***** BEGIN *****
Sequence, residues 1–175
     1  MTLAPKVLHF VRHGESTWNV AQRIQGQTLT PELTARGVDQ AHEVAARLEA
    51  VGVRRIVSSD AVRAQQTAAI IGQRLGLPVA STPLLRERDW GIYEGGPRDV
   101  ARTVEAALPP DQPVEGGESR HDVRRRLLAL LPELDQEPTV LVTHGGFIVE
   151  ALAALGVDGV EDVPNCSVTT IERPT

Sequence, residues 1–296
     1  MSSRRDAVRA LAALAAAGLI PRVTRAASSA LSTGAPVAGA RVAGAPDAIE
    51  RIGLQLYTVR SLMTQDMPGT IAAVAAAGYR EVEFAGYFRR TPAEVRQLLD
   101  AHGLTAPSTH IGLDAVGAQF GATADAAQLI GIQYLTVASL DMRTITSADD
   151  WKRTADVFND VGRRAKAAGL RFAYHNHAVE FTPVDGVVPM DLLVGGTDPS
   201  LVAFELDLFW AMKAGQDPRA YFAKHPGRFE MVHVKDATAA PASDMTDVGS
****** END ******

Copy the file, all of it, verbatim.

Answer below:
Sequence, residues 1–175
     1  MTLAPKVLHF VRHGESTWNV AQRIQGQTLT PELTARGVDQ AHEVAARLEA
    51  VGVRRIVSSD AVRAQQTAAI IGQRLGLPVA STPLLRERDW GIYEGGPRDV
   101  ARTVEAALPP DQPVEGGESR HDVRRRLLAL LPELDQEPTV LVTHGGFIVE
   151  ALAALGVDGV EDVPNCSVTT IERPT

Sequence, residues 1–296
     1  MSSRRDAVRA LAALAAAGLI PRVTRAASSA LSTGAPVAGA RVAGAPDAIE
    51  RIGLQLYTVR SLMTQDMPGT IAAVAAAGYR EVEFAGYFRR TPAEVRQLLD
   101  AHGLTAPSTH IGLDAVGAQF GATADAAQLI GIQYLTVASL DMRTITSADD
   151  WKRTADVFND VGRRAKAAGL RFAYHNHAVE FTPVDGVVPM DLLVGGTDPS
   201  LVAFELDLFW AMKAGQDPRA YFAKHPGRFE MVHVKDATAA PASDMTDVGS